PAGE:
It’s no secret that the world of manufacturing is on the edge of a large transformation, thanks to advances in artificial intelligence, robotics and the so-called Industrial Internet of Things. But getting a more valuable return on their investment and getting good data analysis from equipment still takes a lot of work.
“A lot of the customers we go into definitely have automation, but right now, those customers are doing ‘islands of automation,'” said Sam Hoff, president of Patti Engineering. Getting those companies to move from an Industrial 3.0 to a 4.0 world requires more data analysis, as well as connecting to the cloud and higher-level systems, he said.
Creating strategies around ROI and better ways to measure a large automation investment is one of the topics that Hoff and three other panelists will be discussing at the upcoming Robotics & AI Summit @ LiveWorx, being held June 18-19, 2018, in Boston.
Hoff, a member of the Control System Integrators Association, will join Asuman Suenbuel (director of robotics & IoT for SAP), Alex Shikany (vice president, AIA) and Doug Olson (president and CEO, Harmonic Drive) on the June 18 discussion around implementing automation and measuring ROI.
Creating a business case around a new automation project has to make sense, Hoff said.
“If you’re going to spend $10 million to put in a system and you’re only going to get $500,000 of gain, there’s no reason to do it – that’s just over-automating and not being smart about it,” he said.
Beyond the initial calculations on how much money a system will cost, companies often miss out on ways that the equipment can be improved, which requires cloud connectivity and better data analysis.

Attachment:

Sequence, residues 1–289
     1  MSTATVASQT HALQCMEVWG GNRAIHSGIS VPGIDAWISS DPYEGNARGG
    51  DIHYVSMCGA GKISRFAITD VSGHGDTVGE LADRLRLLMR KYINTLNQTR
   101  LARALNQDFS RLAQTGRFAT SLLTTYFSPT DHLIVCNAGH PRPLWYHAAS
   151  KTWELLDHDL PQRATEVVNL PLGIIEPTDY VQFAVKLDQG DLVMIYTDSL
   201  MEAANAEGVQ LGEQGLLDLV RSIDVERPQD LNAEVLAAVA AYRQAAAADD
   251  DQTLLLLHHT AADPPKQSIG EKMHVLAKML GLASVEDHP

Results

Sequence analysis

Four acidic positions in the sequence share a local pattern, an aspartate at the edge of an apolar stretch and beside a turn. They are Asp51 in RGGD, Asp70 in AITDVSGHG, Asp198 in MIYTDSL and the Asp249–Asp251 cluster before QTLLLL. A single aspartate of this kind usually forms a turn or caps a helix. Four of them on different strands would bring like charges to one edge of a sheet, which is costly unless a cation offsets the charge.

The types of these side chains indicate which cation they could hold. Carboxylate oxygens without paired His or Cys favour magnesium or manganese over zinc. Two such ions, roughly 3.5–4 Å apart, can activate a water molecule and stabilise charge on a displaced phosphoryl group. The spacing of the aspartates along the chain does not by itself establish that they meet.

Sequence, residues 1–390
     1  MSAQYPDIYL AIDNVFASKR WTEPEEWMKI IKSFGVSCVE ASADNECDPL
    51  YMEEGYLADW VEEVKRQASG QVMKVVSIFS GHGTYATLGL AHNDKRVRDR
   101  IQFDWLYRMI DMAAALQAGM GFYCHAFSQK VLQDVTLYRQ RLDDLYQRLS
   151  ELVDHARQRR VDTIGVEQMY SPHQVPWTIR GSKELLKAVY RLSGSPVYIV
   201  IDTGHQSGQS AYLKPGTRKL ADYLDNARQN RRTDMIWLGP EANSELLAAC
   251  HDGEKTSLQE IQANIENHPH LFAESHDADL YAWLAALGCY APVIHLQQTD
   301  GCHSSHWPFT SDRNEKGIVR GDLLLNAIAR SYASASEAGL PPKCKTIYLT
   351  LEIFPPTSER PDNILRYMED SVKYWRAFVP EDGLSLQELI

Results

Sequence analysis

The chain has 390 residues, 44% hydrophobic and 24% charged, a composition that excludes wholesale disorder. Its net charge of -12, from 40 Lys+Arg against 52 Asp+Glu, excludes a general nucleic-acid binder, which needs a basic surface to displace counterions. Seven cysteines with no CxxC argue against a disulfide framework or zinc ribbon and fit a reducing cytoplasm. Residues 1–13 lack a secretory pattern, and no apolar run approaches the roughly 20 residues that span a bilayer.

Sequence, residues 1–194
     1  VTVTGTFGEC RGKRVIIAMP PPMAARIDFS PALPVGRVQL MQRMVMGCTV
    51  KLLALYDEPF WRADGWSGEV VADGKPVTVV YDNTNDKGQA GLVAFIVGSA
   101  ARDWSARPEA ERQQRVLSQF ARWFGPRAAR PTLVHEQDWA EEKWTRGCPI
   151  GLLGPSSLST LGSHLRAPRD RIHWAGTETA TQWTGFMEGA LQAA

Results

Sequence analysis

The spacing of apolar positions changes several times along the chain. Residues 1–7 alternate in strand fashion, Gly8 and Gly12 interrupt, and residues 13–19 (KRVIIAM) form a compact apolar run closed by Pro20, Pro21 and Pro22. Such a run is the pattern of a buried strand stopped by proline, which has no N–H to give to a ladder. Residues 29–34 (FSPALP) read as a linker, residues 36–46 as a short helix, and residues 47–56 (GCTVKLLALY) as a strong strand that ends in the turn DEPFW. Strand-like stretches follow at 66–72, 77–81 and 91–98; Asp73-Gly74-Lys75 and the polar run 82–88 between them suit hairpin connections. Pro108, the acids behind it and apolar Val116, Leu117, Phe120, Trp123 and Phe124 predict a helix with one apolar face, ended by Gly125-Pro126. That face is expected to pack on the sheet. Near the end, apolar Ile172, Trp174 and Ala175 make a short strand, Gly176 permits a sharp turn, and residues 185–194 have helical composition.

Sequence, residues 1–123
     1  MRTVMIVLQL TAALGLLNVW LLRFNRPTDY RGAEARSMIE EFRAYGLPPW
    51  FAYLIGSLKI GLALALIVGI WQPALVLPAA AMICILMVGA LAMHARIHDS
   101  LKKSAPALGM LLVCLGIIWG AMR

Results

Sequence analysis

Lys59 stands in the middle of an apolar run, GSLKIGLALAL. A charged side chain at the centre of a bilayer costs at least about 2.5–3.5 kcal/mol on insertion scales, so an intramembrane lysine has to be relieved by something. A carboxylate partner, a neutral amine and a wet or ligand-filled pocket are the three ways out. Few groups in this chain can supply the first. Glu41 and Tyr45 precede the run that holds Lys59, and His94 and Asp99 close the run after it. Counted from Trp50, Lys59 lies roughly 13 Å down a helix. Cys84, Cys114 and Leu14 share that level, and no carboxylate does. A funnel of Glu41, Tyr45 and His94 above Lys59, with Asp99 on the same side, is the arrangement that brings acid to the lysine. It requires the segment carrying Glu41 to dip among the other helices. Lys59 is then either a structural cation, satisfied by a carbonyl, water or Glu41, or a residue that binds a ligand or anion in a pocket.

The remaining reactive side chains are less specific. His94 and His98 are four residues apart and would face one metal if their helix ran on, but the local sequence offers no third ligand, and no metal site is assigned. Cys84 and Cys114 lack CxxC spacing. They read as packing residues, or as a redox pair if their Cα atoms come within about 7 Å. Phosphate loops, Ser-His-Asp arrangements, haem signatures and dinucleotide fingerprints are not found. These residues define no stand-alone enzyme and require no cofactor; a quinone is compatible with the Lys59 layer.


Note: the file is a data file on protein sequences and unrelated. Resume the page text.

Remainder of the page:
Cleanup needed for data analysis
“One of the problems with manufacturing data right now is that it’s not clean,” Hoff said. “Manufacturing data is dirty – somebody has to clean up the data and really present the data in a usable way.”
Currently, a lot of these systems are designed to control the automation and robots. However, they aren’t designed to give that data to a higher-level system to be analyzed. Hoff said that an expert on the machine at the operational level – someone who knows it and can clean up the data – needs to do this before it moves to the other systems or even a data analyst sees it.
Hoff said the supplier of the equipment is often the best option for providing this data analysis and/or cleanup.
“I don’t care how much training you give to the end user – they’re not going to know the equipment as well as the supplier,” he said. “This supplier may sell 100 machines, and he sells it to your company – that’s one of 100 machines. You have no way of comparing the performance of your machine to the other 99 machines [the supplier has] previously sold. If [the supplier] is getting data and analysis back from the field, and you’re allowing them to do that, now they can compare your performance to the other 99 machines, and help you improve.”
Utilizing the data from other systems connected to a cloud environment can improve efficiency and performance, as well as provide predictions about maintenance, Hoff said.
He gave an example of an automotive manufacturer that was sending their data to the supplier via the cloud, and the data analysis returned with a prediction that a drive on a robot was about to break. Unfortunately, the automotive manufacturer didn’t trust the prediction, until the drive broke down a week and a half later, Hoff said.
“Suddenly, they had instant credibility and they’re listening to everything they had to say,” he said.
Manufacturers also continue to have fears over cyber-security when it comes to connecting their data to a cloud-based system, Hoff said. Many IT departments within the manufacturing space have a fortress mentality when it comes to protecting their data, which never works, he added.
In the end, however, the benefits of data analysis, performance and predictive maintenance should outweigh those concerns
“Industry 4.0 is coming – I think you have to educate yourself on how you’re going to put data up to the cloud and analyze it,” Hoff said. “If you don’t you’re going to be behind.”